My name is Gary O’Brien, I am 34 from Syracuse NY. I primarily collect Barry Bonds cards, as he is my all time favorite player.

When did you get into collecting?

My older brother got me into baseball cards in probably 1988 or so.

How familiar are you with Pinnacle Brands and 90’s cards and inserts?

I am quite familiar with them, I was mainly a Topps refractor collector but have always loved the etched foil type inserts that Pinnacle made as well. I love 1990’s inserts, they are my favorite cards of all time.

Please tell us how you came across this Pinnacle “buried” treasure.

I answered a listing on the facebook marketplace for 1 case of 1998 Pinnacle Inside baseball. I thought it was an odd item some guy would just have for sale, it was his only listing. He let me know he had a “Ton of cases and boxes” and I should come see them all.

What was your initial reaction to seeing the Pinnacle score?

I walked into this guy’s half a million dollar house, and down into his basement which is bigger than my house. There I saw so many boxes that I was in shock. Just hundreds of cardboard boxes full of products. He told me he wanted to sell it all in one lot, I instantly had to think about the logistics of it all. How to move it all, where to store it, how long it would take to sell it, how to even come up with a number to offer him was going to take a long time. Most of the stuff is sealed loose boxes, and all mixed matched years and brands in each box with each other, so it was a nightmare trying to figure out exactly what was there.

It took me and a friend 4 hours of opening boxes and writing down whats inside to get through roughly 40% of what was there. We had to stop due to time constraints and I was left to look up all of those products, and give a rough estimate on the value of the 60% of unseen stuff. We agreed on a number, I got a loan and here we are about a month later and I am still in shock that I actually bought it.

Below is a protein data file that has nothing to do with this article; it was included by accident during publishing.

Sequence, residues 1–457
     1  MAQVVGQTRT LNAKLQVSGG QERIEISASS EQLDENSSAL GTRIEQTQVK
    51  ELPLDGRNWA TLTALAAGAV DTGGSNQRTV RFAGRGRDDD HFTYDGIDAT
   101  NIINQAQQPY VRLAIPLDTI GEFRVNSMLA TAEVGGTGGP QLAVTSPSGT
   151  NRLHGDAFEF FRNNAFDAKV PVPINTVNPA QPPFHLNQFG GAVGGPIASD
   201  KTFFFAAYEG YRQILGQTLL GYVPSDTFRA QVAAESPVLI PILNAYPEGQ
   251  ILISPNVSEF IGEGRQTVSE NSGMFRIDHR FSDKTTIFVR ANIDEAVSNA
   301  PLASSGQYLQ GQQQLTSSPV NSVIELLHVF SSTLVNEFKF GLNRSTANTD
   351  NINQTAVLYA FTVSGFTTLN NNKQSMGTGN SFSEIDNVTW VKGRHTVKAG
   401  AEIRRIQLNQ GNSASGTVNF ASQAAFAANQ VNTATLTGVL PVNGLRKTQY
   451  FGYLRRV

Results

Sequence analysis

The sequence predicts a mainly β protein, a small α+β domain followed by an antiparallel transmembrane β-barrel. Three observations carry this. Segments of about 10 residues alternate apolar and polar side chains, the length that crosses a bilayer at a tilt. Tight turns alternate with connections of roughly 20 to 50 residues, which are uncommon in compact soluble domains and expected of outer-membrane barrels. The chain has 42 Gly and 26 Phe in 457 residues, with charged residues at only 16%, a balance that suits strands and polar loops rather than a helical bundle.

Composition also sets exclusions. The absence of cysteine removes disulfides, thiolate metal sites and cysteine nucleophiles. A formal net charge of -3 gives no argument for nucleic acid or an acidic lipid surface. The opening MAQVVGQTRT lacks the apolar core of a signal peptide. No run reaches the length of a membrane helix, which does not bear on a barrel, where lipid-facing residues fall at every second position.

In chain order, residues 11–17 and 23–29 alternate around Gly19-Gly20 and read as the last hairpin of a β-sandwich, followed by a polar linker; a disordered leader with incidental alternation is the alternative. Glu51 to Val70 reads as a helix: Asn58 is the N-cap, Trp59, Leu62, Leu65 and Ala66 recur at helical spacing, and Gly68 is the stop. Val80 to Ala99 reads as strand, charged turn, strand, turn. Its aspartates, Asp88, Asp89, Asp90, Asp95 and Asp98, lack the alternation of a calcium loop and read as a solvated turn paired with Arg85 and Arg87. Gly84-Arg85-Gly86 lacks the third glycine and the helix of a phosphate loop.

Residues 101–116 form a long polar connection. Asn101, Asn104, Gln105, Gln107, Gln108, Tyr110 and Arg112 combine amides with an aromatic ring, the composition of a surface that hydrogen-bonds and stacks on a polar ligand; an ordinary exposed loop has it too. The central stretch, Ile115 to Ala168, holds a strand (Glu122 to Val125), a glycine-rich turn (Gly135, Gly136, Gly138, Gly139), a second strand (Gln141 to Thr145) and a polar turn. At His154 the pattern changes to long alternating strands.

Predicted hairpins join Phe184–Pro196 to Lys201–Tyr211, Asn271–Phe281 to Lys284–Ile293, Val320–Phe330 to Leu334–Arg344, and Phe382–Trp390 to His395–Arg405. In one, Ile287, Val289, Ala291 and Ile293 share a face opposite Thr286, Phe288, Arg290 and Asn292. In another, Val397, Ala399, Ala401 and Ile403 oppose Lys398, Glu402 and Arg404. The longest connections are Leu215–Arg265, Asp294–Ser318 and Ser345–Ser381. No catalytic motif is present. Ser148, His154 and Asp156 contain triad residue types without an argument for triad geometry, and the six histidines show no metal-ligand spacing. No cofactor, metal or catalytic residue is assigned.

Just how much is there? Total boxes? Highlight product?

I am about 1 month into trying to organize it and I still don’t know exactly how much is there. I am still trying to consolidate products together to figure that out. I am working with so much in such a confined area that it is a really big task. My rough estimate on everything though is about 3,000 boxes, 15,000 loose packs, 1,500 Promo Packs, and about 2,500 loose promo cards.

My best single item I found so far was a nice sealed big Green 1998 Preferred tin of Derek Jeter, which I sold for $300 on ebay.

What are your plans for the Pinnacle treasure? Do you plan to move it all?

My plan is to move it all but I have also been ripping packs and boxes while organizing because I have no will power. I set up a website to sell everything on Garyscards.com. I am still in the process of adding different products to it all the time. I am also planning on getting some weekly cheap group breaks going soon. I also have the garyscards.com facebook group I made as you are aware to show off things and give updates in there to those interested.

3 thoughts on “Collector Hits the Pinnacle Mother Lode

  1. What an awesome find, and so interesting how someone came into all that product to begin with.

    FB Marketplace and Craigslist, among others, are usually a giant pain in the a$$ filled with worthless junk, but it really does pay to keep checking. Every few months I end up finding quite a big score. Back in November, I got two boxes of cards that cost me $25, and included was a Michael Phelps A&G auto (goes for $200 on eBay), and just back in July I found two massive boxes of cards (about 25-30K cards) for $20, which housed tons of cards of stars like Trout, Harper, Acuna, Judge, etc.

    So for every listing of “Vintage 1989 Donruss for $200”, there are definitely some deals to be had with a bit of patience and diligence.

  2. This is kind of neat, although it would’ve been more interesting if the guy had bought all of these to open himself — when all was said and done, he would’ve most certainly had the world’s premiere Pinnacle collection. Also, it would’ve been nice to know how much he paid, but nobody ever asks that question, so I understand why it isn’t mentioned here.